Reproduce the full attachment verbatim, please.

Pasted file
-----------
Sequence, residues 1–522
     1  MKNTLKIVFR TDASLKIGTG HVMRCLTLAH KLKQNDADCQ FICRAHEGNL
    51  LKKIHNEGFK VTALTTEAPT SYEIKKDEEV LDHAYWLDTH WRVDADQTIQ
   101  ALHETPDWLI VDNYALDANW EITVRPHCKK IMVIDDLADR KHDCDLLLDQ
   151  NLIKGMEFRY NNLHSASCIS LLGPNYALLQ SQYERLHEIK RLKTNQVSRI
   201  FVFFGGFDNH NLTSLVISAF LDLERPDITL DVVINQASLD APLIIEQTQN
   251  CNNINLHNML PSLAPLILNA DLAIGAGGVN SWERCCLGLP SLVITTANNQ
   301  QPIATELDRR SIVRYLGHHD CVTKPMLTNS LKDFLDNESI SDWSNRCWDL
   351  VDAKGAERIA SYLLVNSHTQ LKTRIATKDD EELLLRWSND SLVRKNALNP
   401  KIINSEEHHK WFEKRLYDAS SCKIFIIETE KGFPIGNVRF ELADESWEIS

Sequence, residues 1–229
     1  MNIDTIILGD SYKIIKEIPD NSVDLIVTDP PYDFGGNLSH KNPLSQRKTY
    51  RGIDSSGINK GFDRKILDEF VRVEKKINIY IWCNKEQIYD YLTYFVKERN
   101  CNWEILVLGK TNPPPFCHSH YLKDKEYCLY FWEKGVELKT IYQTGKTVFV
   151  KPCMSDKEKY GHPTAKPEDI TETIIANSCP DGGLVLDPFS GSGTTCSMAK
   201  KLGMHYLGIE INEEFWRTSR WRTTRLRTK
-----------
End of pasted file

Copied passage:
Sequence, residues 1–522
     1  MKNTLKIVFR TDASLKIGTG HVMRCLTLAH KLKQNDADCQ FICRAHEGNL
    51  LKKIHNEGFK VTALTTEAPT SYEIKKDEEV LDHAYWLDTH WRVDADQTIQ
   101  ALHETPDWLI VDNYALDANW EITVRPHCKK IMVIDDLADR KHDCDLLLDQ
   151  NLIKGMEFRY NNLHSASCIS LLGPNYALLQ SQYERLHEIK RLKTNQVSRI
   201  FVFFGGFDNH NLTSLVISAF LDLERPDITL DVVINQASLD APLIIEQTQN
   251  CNNINLHNML PSLAPLILNA DLAIGAGGVN SWERCCLGLP SLVITTANNQ
   301  QPIATELDRR SIVRYLGHHD CVTKPMLTNS LKDFLDNESI SDWSNRCWDL
   351  VDAKGAERIA SYLLVNSHTQ LKTRIATKDD EELLLRWSND SLVRKNALNP
   401  KIINSEEHHK WFEKRLYDAS SCKIFIIETE KGFPIGNVRF ELADESWEIS

Sequence, residues 1–229
     1  MNIDTIILGD SYKIIKEIPD NSVDLIVTDP PYDFGGNLSH KNPLSQRKTY
    51  RGIDSSGINK GFDRKILDEF VRVEKKINIY IWCNKEQIYD YLTYFVKERN
   101  CNWEILVLGK TNPPPFCHSH YLKDKEYCLY FWEKGVELKT IYQTGKTVFV
   151  KPCMSDKEKY GHPTAKPEDI TETIIANSCP DGGLVLDPFS GSGTTCSMAK
   201  KLGMHYLGIE INEEFWRTSR WRTTRLRTK